In typical Tevet fashion, the works engage in a twofold dialogue: both with Tevet’s own history as an artist (chairs, boats, floor works “climbing up” the walls, etc.) and with the history of art. They evoke associations — some more blatant than others — to a series of minimalist artists and hard-edge painters from the generations of Tevet’s “parents” and “older brothers,” especially those artists who dealt with the relation between object and painting or worked with stripes (names like Lewitt, Stella, Buren, Kelly, Ryman, McCracken — and also Tevet’s compatriot Moshe Kupferman — come to mind). The photographs Tevet embeds in the works are also taken from the art circuit (as well as from IKEA catalogues): images from Parkett art magazine, for instance, or an ad from the local Studio magazine (both now deceased), or an exhibition invitation that Tevet snuck from Hauser & Wirth in New York. This hodgepodge of quotes makes us feel that behind these works lies an hermetic and hoarding consciousness, trapped inside what Arthur Danto once called the “artworld”; a reflective consciousness that quotes, imitates, and borrows, references others in order to reference back to itself ad nauseum. We will not find here allusions to the “outside world,” certainly not to the local reality. Neither “A Kid in Its Mother’s Milk,” nor “Virginia Woolf.”[2] The living space of this consciousness is not “here” nor “there,”[3] nor an extra-artistic “discursive site,”[4] but the artworld alone.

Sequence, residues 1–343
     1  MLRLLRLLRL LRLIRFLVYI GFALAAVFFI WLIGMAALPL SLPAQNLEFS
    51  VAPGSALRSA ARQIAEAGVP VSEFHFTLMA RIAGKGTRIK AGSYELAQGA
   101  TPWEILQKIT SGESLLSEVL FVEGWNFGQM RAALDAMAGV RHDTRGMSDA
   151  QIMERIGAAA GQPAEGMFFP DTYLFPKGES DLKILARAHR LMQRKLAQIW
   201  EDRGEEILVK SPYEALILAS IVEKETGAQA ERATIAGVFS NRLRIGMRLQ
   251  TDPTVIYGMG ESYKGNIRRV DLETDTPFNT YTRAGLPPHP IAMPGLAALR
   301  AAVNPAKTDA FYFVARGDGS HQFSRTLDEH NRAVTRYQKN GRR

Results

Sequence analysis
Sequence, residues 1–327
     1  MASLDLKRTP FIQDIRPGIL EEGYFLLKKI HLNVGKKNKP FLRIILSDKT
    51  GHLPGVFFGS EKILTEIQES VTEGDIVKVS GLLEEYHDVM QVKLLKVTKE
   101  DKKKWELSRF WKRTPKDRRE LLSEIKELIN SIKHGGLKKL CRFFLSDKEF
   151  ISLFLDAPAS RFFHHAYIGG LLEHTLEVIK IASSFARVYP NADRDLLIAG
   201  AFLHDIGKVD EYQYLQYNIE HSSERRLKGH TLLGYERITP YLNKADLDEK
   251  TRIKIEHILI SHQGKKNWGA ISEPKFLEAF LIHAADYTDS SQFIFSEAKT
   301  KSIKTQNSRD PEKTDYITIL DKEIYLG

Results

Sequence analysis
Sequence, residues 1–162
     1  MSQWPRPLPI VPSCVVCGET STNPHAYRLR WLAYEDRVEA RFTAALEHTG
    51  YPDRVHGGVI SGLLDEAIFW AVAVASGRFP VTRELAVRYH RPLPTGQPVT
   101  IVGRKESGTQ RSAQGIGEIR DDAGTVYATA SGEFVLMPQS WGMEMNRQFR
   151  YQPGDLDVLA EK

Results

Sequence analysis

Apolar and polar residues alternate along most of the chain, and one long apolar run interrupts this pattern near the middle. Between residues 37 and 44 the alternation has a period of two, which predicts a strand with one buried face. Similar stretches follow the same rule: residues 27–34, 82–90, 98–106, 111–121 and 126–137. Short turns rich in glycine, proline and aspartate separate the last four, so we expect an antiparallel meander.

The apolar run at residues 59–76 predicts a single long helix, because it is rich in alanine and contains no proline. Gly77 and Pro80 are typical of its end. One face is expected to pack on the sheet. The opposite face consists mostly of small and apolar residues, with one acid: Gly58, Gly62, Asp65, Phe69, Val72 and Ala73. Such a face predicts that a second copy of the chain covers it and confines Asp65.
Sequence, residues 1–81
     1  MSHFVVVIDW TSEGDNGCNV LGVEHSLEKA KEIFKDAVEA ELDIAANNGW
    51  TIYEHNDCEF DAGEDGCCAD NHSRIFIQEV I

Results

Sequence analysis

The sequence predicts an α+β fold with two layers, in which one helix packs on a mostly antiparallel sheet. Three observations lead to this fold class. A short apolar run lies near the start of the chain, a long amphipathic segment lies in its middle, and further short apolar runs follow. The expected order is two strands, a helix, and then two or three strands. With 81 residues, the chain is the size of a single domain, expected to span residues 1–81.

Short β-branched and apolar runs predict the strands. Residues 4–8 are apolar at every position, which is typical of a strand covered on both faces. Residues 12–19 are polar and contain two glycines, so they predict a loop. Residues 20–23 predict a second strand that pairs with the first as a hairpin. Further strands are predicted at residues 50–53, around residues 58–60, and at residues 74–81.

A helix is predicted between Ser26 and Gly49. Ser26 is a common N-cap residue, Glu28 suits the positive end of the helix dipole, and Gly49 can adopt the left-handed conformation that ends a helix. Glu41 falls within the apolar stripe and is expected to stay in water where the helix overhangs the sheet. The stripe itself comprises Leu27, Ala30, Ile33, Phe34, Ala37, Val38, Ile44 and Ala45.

Even within this hodgepodge, we can distinguish between two types of quotes — the stylistic/formal paraphrases and the photographic appropriations — which reflect two different approaches towards the past: while the artistic achievements of Tevet’s “parents” and “older brothers,” the late modernists and their descendants, are used by the artist as a sort of toolbox or laboratory through which he continues to develop his investigations of the relation between the seeing body and the things that surround it, the photographs — largely showing works made by contemporary art “stars,” from the 1980s to the present day — receive a completely different treatment. Tevet tears them to shreds, turns them into barely recognizable wallpapers, and juxtapose them with scraps from the IKEA catalogue. Hiroshi Sugimoto’s “sublime” photograph of the sea is trivialized by being pasted next to a piece of plywood painted by Tevet in a similar black-and-white gradient; a large wooden boat appearing in an invitation for an exhibition by Monika Sosnowska — an artist associated with grandiose steel sculptures — is cut into small snippets and scattered throughout the work Short Silent Movie (2020–2023). Sherrie Levine, who has made a career out of the blatant appropriation of other people’s work, is handed with an especially minimizing appropriation: an installation photo of her golden urinals (a Had Gadya of appropriations: Tevet appropriating Levine appropriating Duchamp) is cropped so that all that remains from the picture are the dramatic light halos above the edges of the vitrines — as if Tevet is saying: here’s the bluff. The pathos mechanism. You too can be appropriated and ridiculed.